The prosecution did not have the courtesy to inform me of the appeal in the HC. Surely as the victim I would have been most interested in pursuing the matter? Had it done so, I might have asked for representation, and prayed for the infirmities of the judgement to be overturned. The recent news report came as a bolt from the blue. And it is misleading, for I never accused the principal and physical training instructor of assaulting me. I only stated my suspicion of their being implicated in the assault. I had this intuition at the moment of the attack and have not altered it since. Of course, intuition is not evidence. But the investigation and framing of charges was the job of the police. Incidentally, in October 1982 I was introduced to my assailants in a police station. They said they had been misled and asked for forgiveness. One of them visited my house to ask me not to give evidence.

The events of the 1980’s had many repercussions. Teachers launched a campaign for democratic functioning. A movement against goondaism was undertaken by students. In 1988 I was elected to the university’s Academic Council and chaired the DUTA Committee on Accountability. Our college became the first to set up a staff committee to maintain academic standards. All that energy was not expended in vain.

We often come across the term “judicial conscience”. Where exactly does this entity reside? The CJI has observed that the judiciary is the ultimate defender of citizens’ rights. Who will defend these rights if the courts fail us? One of the most twisted problems in legal theory is the assumed neutrality of judges. Not to mention the distinction between forensic and narrative versions of truth. What is the guarantee of this neutrality and how is it manifested? Truth is surely not a mere technical or formal detail. The idea of justice is antecedent to the emergence of constitutional systems or governments. Otherwise we would not speak of natural law. But does justice reside exclusively in the utterances of courts? Law is the basis of an orderly society. It represents the need for a fair resolution of conflicts. Although democratic governments may exist only upon public approval, judges cannot be subject to the whims of electorates. What then, can ensure that those entrusted with the care of justice will fulfil their charge? Ultimately the social contract is a historical gamble. It depends upon the alertness of the citizenry and a public ethos that respects the ideals that lie behind the phrase “the rule of law”.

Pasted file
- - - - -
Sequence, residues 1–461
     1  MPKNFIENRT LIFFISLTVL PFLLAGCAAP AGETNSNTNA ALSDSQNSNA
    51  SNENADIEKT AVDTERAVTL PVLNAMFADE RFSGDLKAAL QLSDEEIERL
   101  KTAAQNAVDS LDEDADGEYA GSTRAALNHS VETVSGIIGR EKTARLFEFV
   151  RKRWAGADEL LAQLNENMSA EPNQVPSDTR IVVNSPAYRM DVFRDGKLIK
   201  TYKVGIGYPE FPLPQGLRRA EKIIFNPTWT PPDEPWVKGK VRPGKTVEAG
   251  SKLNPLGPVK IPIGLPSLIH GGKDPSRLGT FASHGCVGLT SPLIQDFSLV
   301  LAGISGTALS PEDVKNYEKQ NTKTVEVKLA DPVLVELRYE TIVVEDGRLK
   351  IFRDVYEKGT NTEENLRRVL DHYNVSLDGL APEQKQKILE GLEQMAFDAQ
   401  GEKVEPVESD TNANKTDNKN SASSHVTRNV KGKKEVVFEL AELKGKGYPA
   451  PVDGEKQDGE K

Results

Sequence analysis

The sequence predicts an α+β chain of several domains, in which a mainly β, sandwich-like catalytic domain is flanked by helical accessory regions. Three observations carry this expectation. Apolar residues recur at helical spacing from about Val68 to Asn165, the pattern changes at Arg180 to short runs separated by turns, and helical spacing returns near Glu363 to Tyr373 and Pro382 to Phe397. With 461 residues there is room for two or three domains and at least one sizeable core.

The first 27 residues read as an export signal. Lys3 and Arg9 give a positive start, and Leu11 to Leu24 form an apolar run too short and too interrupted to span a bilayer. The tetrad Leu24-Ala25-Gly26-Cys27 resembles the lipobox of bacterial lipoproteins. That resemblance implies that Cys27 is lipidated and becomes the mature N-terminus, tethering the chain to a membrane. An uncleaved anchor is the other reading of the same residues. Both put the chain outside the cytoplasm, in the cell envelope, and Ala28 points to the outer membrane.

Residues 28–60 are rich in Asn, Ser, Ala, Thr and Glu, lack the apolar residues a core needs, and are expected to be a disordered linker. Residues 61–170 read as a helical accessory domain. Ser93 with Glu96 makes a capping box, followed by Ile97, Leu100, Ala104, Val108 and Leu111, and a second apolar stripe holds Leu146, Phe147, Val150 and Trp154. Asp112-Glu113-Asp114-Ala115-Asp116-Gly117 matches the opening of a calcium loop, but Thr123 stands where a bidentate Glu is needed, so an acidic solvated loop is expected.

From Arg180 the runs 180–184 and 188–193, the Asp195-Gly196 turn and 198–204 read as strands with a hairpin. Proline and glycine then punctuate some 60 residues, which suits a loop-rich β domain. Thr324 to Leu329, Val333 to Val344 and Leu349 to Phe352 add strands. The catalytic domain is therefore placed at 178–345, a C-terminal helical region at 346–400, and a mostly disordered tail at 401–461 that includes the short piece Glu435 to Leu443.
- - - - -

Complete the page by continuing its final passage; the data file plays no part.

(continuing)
Homer’s Iliad describes a dispute in a market-place between two men over the blood-price for a victim of murder. The crowd asks the elders to arbitrate whilst they keep the antagonists in check. “Between them, on the ground lay two talents of gold, to be given to that judge who in this case spoke the straightest opinion”. The public stands in judgement over the arbitrators. Here is a clue to the mystery of the judicial conscience. It is a circular thread that runs through all of society’s constituents, the ones that are wise and the ones who accord them the status of being wise. There is no exclusive judge and no exclusive witness - all judge and are judged. When this thread is broken, we are on the brink of disintegration. The circle of public conscience points to the true meaning of law and judgement in a democratic society. The seat of law is not synonymous with the person occupying it, nor are judicial decisions always coterminous with justice. In 1982 I became the victim of a violent crime. But in the eyes of the justice system no one is guilty. All that it has done is to suggest that I made a ‘tutored’ accusation. The crime has now become invisible. I expect no recompense for that murderous assault on me 26 years ago. I still respect the law. I cannot say the same for those to whom I turned for justice.

Dilip Simeon